GREENVILLE Council to seek state input on financial-aid eligibility
The financial problems led some residents to ask council to abandon the partially complete sports complex.
By LAURI GALENTINE
GREENVILLE, Pa. -- Borough council will seek a state determination of municipal financial distress in the borough.
Surrounded by about 200 residents offering their opinions and possible solutions to a budget deficit of more than $1 million, council members unanimously passed a resolution that gives the state Department of Community and Economic Development the authority to determine if the borough qualifies for grants and loans and other financial recovery assistance, council president Richard S. Houpt said.
Tuesday evening's vote doesn't bind the community to accepting help from the state even if it does qualify, but gives it the opportunity to use the results of the study to help itself if officials decide to go that route, Houpt said.
A report last week showed the borough still had a $614,254 outstanding debt from 2000 and a $450,000 outstanding debt from 2001, he noted.
Even with the 5-mill tax increase officials have petitioned the courts for, budget figures for this year are showing an expected deficit. Houpt didn't say how much he thought that would be.
Sports complex: Many of the residents attending wanted to know who's to blame for the financial problems. Some said they felt that council should stop construction on the town's 42-acre sports complex and give the bond money back to the state.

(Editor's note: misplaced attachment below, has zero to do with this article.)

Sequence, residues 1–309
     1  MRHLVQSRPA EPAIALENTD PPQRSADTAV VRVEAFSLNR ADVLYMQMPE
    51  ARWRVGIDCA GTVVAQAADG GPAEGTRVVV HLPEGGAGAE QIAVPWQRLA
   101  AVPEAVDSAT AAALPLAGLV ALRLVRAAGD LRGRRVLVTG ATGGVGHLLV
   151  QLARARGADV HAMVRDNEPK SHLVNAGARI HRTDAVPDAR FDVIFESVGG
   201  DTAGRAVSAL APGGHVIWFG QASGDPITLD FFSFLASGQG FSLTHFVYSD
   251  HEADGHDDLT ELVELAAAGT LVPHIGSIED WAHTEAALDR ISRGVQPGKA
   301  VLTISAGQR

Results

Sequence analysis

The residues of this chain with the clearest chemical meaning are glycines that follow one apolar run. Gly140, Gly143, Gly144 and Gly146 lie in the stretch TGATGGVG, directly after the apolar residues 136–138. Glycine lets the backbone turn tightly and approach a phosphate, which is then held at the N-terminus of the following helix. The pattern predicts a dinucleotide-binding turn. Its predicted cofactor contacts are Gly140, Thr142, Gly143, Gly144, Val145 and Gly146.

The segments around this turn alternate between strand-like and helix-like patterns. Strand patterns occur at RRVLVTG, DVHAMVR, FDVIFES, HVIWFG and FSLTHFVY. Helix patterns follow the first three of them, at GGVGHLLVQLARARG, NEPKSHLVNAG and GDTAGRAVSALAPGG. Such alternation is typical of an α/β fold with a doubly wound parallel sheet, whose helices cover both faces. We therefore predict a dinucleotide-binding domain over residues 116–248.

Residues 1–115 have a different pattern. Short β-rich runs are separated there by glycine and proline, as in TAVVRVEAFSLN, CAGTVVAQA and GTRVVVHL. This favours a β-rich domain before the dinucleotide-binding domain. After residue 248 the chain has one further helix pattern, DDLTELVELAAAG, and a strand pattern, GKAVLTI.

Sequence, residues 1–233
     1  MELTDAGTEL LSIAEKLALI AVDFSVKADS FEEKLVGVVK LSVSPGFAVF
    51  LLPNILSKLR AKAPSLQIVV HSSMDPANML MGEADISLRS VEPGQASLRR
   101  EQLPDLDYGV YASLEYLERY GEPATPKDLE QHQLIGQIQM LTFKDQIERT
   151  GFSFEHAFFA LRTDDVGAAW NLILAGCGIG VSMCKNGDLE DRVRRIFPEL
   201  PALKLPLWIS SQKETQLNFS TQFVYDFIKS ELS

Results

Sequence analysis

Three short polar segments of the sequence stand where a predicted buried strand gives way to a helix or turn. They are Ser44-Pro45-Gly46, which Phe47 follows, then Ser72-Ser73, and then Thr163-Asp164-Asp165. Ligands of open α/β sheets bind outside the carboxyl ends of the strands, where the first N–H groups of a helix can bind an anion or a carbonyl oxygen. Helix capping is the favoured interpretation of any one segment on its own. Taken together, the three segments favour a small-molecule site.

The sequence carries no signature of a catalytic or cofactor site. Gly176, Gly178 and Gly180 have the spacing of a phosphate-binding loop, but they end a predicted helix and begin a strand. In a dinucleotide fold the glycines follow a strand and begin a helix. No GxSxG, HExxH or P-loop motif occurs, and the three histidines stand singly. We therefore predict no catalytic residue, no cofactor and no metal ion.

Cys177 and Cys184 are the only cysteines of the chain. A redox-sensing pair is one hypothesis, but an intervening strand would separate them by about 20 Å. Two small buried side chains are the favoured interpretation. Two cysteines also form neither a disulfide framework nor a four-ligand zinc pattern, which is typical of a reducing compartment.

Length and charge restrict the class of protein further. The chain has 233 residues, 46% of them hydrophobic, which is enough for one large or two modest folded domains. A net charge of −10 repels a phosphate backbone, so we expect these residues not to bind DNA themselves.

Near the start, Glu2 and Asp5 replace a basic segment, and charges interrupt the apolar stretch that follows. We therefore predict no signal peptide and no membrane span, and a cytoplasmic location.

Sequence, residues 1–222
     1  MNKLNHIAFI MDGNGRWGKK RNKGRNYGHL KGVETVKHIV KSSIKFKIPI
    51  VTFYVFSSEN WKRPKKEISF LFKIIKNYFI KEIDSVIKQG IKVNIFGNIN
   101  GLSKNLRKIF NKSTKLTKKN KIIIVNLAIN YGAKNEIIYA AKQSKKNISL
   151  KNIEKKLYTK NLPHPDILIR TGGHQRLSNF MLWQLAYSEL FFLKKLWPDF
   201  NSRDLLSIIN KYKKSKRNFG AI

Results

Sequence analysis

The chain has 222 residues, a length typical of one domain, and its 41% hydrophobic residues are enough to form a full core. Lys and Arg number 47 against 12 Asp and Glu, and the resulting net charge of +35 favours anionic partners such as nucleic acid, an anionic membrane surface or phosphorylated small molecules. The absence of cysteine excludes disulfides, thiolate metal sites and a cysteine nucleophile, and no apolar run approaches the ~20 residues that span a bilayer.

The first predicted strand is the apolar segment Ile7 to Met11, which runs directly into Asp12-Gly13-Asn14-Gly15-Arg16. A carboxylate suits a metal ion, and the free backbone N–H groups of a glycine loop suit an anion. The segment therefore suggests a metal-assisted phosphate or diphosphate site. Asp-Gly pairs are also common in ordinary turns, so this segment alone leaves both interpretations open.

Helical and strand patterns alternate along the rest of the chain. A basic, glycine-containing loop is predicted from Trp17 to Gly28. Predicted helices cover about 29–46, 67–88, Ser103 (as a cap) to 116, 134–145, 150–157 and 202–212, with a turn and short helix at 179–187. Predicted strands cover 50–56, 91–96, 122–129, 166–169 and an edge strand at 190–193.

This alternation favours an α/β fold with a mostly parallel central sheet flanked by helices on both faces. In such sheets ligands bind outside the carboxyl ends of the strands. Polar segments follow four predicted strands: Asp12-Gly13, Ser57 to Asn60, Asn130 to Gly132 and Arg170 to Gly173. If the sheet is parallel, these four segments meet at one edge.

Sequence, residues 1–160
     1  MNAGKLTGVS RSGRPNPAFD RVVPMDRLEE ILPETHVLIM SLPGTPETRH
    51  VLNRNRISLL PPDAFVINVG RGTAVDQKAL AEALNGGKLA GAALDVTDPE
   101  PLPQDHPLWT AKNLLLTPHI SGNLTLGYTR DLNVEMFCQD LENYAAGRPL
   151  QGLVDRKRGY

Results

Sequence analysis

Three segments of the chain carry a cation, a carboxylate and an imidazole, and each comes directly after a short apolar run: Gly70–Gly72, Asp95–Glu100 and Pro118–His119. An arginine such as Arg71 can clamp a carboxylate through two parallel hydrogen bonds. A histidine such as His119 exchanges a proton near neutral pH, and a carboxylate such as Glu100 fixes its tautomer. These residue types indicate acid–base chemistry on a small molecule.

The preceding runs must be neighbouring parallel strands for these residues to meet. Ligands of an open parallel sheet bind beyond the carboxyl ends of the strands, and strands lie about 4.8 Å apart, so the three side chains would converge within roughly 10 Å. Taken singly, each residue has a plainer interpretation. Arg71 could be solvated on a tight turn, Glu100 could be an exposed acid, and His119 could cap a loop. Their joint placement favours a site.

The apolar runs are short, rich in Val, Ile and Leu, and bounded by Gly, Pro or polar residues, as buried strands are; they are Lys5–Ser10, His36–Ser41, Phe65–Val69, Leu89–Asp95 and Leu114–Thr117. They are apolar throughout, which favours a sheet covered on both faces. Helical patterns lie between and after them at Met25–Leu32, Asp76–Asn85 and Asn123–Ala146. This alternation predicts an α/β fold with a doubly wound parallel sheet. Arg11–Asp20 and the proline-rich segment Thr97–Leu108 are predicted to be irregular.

The complex, scheduled to open April 1, has met with many delays and, according to several council members, is now at a standstill because of a flooded sewage system, collapsed retainer wall, and several cracks and breaks that have developed in walls, doors and windows of the maintenance building.
Houpt said council is seeking legal advice on what to do about the construction problems, and although he is still hopeful the complex will open on time, it is possible it will not.
Councilwoman Pamela S. Auchter assured residents that the complex was not responsible for the borough's budget problems. She said all but $300,000 of the $3 million borrowed for the construction has been spent. Giving it back is not an option, Auchter said.
"You're going to be paying for it whether it's open or closed. I think we need to make the best of it at this point," she said.
Opinion: Councilwoman Robin S. Douglas offered one explanation for the budgetary problems. She said that expenses and revenues in past budgets "had no basis in reality."
Council members said it had been the practice of past boards to let the borough manager take care of the yearly budget. That practice, they said, has now changed, and council members worked on this year's budget.
Houpt said the investigation into how the deficit occurred will continue, but so far officials have found no evidence of criminal wrongdoing.
A hearing on the tax increase request has been set for 1:30 p.m. Thursday in Mercer County Common Pleas Court. Council will finalize the 2002 budget at a special meeting that evening in the Lecture Hall at Greenville High School.